Bitcoin: Passing Fad or Here to Stay?

February 24, 2015

Studying at an American university in Rome provides students with a unique perspective on both global and European business markets.  Rome hosts both international and national company headquarters, such as ENI (National Entity for Electricity), the World Food Program (WFP) and Telecom Italia. But students who study International Business or Economics and Finance know that digital innovations are dramatically impacting the way major organizations like these do business - and in a broader sense, the way we conceptualize monetary exchange.

As peer-to-peer networks, such as Airbnb and car shares multiply and grow in strength, more people are taking commerce into their own hands, circumventing banks and governments, and choosing alternative ways to make deals with customers.  Enter Bitcoin - a digital, "borderless" currency that symbolizes our entry into a new era of transaction and exchange.

What is Bitcoin?

Bitcoin was developed by Satoshi Nakamoto in 2009. While the term Bitcoin refers to the actual currency itself, it originally referred to the digital software which manages the creation and distribution of Bitcoins. Unlike traditional paper or coin currency, Bitcoin cannot be printed—instead, it is used to make trades or purchases digitally. While some of the more major online stores are open to the idea of accepting Bitcoin in exchange for goods, most Bitcoin exchanges occur through independent online channels which are completely dedicated to Bitcoin sales and purchases.

What makes Bitcoin different from other digital monetary transactions such as Paypal, is that Bitcoin is not run by a centralized bank. Individuals who have “mined” Bitcoins themselves become independent banks—and may loan their Bitcoins to other internet users in a peer-to-peer sharing fashion. The result of this decentralized system is lower transaction fees and much faster transactions worldwide. With these pioneering advancements, Economics students can begin to see how Bitcoin (or similar systems) may soon play a part in faster, lower cost international business transactions.

Comparing Bitcoin to Current Currencies

Students who study Economics in Italy may wonder how the value of a Bitcoin is determined, and how this value affects its purchasing power. Bitcoins are governed by some of the same standards as regular currencies, including fluctuating rates of inflation and deflation. The Bitcoin protocol states that there can only ever be 21 million Bitcoins in circulation at any given time, which staves off inflation and helps keeps their value stable. Because there are still so few Bitcoins mined on the market, the worth of the Bitcoin is extremely high at the moment—approximately 1 Bitcoin is equal to $247 USD.  This high worth makes Bitcoin an ideal currency for conducting major online transactions.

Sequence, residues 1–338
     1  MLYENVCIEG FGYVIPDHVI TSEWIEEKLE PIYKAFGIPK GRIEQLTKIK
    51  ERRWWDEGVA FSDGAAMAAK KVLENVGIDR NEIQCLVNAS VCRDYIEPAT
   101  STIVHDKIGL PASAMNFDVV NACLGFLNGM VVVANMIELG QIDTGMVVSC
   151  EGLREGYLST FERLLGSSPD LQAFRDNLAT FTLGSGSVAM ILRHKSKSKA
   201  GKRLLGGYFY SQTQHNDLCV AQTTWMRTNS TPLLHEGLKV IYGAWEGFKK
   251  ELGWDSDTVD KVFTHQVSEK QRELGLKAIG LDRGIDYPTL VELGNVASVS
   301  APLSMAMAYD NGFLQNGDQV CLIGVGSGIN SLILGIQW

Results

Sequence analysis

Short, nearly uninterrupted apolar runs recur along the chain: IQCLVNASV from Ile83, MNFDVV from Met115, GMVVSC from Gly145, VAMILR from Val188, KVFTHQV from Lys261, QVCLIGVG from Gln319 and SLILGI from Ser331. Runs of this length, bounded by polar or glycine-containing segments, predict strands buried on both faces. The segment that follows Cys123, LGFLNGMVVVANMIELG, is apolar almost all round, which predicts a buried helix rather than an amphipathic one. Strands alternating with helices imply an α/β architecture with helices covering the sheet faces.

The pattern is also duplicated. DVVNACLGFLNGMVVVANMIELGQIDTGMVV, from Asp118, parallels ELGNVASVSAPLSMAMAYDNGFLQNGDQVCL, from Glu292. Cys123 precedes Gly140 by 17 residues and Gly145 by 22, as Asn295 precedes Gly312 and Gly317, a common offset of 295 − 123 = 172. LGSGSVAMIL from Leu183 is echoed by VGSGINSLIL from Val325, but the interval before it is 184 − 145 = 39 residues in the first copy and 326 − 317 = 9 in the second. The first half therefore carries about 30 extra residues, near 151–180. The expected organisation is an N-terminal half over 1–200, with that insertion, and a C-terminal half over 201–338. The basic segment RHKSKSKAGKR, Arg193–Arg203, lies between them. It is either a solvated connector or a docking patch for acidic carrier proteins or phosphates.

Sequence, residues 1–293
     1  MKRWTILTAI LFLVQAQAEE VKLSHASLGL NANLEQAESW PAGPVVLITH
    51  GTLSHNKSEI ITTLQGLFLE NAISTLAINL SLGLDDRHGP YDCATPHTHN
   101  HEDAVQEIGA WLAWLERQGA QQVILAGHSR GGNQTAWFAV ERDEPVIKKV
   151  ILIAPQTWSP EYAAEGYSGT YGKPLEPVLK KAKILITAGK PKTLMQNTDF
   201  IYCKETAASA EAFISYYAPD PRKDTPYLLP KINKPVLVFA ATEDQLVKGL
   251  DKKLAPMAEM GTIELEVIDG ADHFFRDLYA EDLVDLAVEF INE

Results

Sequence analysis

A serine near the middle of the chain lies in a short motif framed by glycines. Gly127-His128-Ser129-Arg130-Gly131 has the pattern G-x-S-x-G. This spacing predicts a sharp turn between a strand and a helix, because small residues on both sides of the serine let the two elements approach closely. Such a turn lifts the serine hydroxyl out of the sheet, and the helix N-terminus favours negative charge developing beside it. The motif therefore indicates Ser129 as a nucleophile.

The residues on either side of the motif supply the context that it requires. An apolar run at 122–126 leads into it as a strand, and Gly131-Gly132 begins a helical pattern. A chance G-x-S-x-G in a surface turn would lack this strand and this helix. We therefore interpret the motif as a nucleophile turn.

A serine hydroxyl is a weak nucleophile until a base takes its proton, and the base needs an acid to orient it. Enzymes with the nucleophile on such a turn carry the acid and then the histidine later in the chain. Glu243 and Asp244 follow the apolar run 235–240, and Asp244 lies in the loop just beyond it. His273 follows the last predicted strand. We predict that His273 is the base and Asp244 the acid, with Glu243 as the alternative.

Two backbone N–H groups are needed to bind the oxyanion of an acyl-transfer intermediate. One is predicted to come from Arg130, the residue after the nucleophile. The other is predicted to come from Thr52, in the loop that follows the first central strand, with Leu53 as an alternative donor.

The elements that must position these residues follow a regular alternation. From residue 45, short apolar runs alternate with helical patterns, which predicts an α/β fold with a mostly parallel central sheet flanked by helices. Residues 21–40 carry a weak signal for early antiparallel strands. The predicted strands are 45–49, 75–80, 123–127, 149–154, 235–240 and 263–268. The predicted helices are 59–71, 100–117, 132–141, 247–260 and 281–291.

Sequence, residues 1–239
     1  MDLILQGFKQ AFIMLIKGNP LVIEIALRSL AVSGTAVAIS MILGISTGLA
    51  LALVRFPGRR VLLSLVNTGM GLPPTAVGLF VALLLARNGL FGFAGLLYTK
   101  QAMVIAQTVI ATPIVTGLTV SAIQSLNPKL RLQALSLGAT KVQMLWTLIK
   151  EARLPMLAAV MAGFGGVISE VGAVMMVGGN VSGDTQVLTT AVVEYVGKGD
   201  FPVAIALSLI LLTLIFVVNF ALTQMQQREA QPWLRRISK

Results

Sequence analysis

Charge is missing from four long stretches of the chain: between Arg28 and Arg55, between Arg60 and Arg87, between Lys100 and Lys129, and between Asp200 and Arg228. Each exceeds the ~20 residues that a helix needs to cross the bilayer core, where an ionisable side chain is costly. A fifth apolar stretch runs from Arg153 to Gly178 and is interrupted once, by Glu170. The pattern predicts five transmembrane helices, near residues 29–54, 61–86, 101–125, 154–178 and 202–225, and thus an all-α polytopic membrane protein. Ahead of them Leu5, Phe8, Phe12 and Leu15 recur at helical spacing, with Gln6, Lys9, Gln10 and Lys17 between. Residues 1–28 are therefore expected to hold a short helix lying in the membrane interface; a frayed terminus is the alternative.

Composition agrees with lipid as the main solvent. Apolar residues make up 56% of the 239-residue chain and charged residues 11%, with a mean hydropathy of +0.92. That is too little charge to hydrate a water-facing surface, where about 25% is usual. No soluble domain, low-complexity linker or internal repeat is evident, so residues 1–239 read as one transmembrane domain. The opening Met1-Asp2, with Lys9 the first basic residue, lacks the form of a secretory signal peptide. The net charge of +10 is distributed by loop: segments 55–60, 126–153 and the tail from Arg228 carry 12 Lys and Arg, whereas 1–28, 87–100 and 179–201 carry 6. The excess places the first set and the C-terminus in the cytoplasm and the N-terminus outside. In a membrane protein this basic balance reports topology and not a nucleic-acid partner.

Applications in Business and Economics

Believe it or not, some major businesses are already using Bitcoin as a staple currency. International companies like Dell are now accepting Bitcoin as payment for their products. Some small businesses are even jumping on the trend by offering employee pay in the form of Bitcoins.

SecondMarket, a private transaction software provider company, has recently announced their launch of a Bitcoin investment fund on Wall Street. The Internal Revenue Service (IRS) has officially recognized Bitcoin as property, meaning that owners of Bitcoin currency are responsible for recording the market price of their wealth.

What this all leads to is the actualization of Bitcoin as an open and international form of currency that can function alongside traditional currency. By the time International Business students graduate from their study abroad in Italy, Bitcoin may very likely be completely commonplace on the international marketplace.

Have you ever made a purchase using Bitcoin? How do you think Bitcoin will affect the business market in upcoming years?

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